WashULaw Welcomes New Associate Professors and Professors of Practice

New Law Faculty 2019

WashULaw welcomes new Associate Professors and Professors of Practice this fall.

Danielle D’OnfroDanielle D’Onfro is an Associate Professor of Law at Washington University School of Law where she teaches Property, Corporations, and Corporate Compliance. Her research applies private law theory to business associations and their capital structure. Her writing about debt contracts covers both consumer and commercial debt. Her first article, Limited Liability Property, explored the property claims inherent to secured debt and the obligations that come with those claims. Her second article,Corporate Stewardship, proposes a decentralized individual liability regime to improve the efficiency of corporate compliance. Her popular writing has appeared in theWashington PostSCOTUSBlog, and Take Care.

Trevor Gardner– Professor Trevor Gardner’s scholarship addresses the relationship between American federalism and municipal police authority. His most recent paper, published in Columbia Law Review, explains the immigrant sanctuary movement as indicative of the traditional state and local government response to federal government overreach in the field of police administration. In addition to his scholarship in the area of criminal federalism, Gardner is developing a line of research assessing disparate African American perspectives on the contemporary criminal justice reform movement.

Elizabeth Katz– Professor Elizabeth D. Katz is a legal historian whose work focuses on family law, criminal law, the legal profession, and the operation of state courts. Her scholarship has appeared or is forthcoming in the University of Chicago Law Review, the Virginia Law Review, and the William & Mary Journal of Women and the Law. She teaches first-year criminal law, family law, and a seminar on the law’s treatment of race and religion in family contexts, historically and today.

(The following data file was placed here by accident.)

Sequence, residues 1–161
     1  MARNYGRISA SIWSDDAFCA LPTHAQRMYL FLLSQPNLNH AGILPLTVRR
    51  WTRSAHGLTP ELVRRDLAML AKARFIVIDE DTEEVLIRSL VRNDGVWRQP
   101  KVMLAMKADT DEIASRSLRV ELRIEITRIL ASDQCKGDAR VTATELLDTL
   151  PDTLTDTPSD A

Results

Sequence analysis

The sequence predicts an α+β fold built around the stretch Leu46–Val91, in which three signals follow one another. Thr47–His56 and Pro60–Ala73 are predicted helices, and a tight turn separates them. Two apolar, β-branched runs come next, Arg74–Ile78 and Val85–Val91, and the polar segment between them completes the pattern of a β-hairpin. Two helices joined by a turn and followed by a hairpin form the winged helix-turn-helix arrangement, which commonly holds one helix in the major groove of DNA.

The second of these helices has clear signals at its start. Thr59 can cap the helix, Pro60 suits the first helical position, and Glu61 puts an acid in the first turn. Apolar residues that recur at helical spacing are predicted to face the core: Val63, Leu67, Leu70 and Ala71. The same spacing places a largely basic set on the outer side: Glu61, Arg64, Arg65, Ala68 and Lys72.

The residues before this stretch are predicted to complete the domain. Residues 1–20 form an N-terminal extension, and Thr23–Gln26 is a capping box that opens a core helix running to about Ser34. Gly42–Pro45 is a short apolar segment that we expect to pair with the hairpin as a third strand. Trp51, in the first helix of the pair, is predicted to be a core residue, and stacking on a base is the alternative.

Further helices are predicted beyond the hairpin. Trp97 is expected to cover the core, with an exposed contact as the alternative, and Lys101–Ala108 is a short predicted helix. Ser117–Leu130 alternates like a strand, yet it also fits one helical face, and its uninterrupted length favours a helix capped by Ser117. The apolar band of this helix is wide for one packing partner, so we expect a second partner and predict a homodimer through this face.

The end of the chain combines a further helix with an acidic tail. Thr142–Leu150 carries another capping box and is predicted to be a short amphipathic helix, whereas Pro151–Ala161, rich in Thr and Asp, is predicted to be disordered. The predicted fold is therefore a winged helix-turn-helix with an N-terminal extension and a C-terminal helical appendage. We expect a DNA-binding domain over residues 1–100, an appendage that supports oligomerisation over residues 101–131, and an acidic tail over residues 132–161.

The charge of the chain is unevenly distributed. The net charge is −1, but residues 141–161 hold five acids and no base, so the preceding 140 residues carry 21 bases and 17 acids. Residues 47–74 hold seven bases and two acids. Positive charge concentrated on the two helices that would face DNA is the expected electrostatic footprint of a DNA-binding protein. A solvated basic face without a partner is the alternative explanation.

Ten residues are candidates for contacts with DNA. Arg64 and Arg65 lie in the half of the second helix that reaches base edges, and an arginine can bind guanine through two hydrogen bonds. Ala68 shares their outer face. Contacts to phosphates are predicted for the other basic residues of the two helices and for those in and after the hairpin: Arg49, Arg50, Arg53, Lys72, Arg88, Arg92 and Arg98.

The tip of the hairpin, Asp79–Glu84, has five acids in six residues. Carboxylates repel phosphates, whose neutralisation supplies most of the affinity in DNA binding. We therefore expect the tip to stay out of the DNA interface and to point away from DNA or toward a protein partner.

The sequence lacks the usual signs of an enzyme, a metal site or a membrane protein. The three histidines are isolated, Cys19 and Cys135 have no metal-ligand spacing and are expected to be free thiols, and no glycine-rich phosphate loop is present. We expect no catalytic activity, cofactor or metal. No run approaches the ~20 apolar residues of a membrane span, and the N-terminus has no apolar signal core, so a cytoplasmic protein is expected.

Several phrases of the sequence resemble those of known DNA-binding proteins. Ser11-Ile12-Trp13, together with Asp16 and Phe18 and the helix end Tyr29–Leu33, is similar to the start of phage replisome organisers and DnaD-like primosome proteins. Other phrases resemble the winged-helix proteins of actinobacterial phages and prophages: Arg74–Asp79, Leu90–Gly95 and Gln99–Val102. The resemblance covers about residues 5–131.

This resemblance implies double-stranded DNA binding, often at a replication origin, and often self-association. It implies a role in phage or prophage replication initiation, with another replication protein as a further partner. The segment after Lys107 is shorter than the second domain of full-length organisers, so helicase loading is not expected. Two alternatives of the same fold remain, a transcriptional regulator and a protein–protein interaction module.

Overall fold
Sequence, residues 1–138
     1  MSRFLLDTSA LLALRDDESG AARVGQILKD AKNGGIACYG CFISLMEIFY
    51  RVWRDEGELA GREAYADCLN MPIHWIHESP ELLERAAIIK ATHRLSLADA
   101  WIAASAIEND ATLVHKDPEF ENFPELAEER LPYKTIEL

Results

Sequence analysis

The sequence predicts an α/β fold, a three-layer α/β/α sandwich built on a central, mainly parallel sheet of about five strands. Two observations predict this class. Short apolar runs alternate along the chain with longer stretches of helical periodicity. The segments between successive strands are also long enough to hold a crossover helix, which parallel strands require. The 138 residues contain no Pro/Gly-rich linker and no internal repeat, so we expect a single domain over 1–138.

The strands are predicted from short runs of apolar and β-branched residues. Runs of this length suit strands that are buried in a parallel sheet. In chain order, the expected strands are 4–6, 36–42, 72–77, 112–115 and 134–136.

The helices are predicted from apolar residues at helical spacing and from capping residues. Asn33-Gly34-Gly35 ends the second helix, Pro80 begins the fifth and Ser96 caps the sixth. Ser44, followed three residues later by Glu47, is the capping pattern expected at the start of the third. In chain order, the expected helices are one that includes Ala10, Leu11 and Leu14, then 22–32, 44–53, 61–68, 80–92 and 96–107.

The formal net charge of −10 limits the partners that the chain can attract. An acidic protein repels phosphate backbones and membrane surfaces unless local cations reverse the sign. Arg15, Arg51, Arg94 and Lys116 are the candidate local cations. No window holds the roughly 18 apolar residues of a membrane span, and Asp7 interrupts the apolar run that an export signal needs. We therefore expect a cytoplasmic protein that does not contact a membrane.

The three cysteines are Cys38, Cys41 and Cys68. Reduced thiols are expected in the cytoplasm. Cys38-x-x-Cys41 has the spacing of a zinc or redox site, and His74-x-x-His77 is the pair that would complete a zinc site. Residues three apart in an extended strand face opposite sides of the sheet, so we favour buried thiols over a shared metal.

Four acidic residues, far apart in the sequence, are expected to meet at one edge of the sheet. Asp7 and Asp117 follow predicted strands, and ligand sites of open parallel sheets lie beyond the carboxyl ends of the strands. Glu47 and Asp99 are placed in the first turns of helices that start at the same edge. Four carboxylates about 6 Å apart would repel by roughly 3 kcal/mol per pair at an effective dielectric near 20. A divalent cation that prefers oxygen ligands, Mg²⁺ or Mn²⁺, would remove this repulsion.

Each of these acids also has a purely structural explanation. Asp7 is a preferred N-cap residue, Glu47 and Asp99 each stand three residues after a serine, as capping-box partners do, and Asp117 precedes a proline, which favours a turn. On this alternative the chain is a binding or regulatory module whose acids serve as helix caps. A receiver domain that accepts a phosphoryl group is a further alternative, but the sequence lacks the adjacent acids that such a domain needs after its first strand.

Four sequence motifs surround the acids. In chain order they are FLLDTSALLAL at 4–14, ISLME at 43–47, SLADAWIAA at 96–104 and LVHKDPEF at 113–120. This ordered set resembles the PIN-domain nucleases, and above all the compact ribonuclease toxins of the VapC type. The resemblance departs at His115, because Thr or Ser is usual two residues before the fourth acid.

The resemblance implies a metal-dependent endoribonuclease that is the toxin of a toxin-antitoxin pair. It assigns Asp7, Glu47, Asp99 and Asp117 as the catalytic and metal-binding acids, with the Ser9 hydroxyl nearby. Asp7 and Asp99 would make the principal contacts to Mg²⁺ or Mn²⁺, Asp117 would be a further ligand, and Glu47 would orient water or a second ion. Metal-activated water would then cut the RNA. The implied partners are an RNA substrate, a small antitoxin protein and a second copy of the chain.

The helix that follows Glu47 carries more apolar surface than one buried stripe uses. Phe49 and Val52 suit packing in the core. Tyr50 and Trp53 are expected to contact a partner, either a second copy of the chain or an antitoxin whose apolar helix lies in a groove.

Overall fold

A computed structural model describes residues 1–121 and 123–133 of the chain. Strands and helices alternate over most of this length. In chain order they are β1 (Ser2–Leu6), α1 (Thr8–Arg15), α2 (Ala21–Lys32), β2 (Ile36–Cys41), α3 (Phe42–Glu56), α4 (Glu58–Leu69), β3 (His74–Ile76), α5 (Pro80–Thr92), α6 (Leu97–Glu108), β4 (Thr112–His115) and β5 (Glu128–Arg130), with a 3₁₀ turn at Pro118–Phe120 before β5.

Kyle RozemaKyle Rozema’s research interests are in how legal rules affect economic inequality, disparate outcomes, and discrimination. To study these questions, he uses a range of empirical methods, collaborates across disciplines, and collects original data. His main research interests are in tax law and policy. Beyond tax law, his research interests include discrimination and the labor markets of law-related professions. Kyle’s research can be found on his personal website, his SSRN webpage, or his Google Scholar webpage.

Daniel Harawa- Daniel Scott Harawa is an Assistant Professor of Practice and Director of the Appellate Clinic. Prior to joining the faculty, Daniel was Assistant Counsel at the NAACP Legal Defense & Educational Fund, Inc., where he focused on appellate litigation and criminal justice reform. He previously was an appellate attorney at the Public Defender Service for the District of Columbia and a litigation associate at Covington & Burling LLP. He clerked for Judge Roger L. Gregory of the U.S. Court of Appeals for the Fourth Circuit.

Lisa HoppenjansLisa Hoppenjans is an Assistant Professor of Practice and Director of the First Amendment Clinic, which focuses on defending freedom of speech, press and assembly. She was previously a partner at the law firm of Dowd Bennett LLP, where her practice focused on complex civil litigation, appellate litigation, and internal investigations. While at Dowd Bennett, she also defended journalists for two national publications who were arrested while covering protests in Ferguson, Missouri. Prior to her legal career, Lisa spent four years as a newspaper reporter for The News & Observer of Raleigh, North Carolina, and the Winston-Salem Journal. After law school, Lisa clerked for the Hon. Susan H. Black of the U.S. Court of Appeals for the Eleventh Circuit.

Tara RoqueTara A. Rocque is an Assistant Professor of Practice and Assistant Director of the Interdisciplinary Environmental Clinic. She joined the law school after 10 years of litigation experience, including work on efforts to hold a mining and smelting organization responsible for lead poisoning caused by its operations. During law school, Tara served as the Executive Articles Editor of the Washington University Journal of Law and Policy and was a member of the Order of the Coif. Following graduation, she clerked for Judge Stephen N. Limbaugh, Sr., of the U.S. District Court for the Eastern District of Missouri. She then worked as a litigation associate at Greensfelder, Hemker & Gale and Schlichter, Bogard & Denton, handling a wide variety of complex litigation. Immediately prior to joining the law school, Tara worked for the Consumer Protection Division of the Missouri Attorney General’s Office, assisting with opioid products litigation.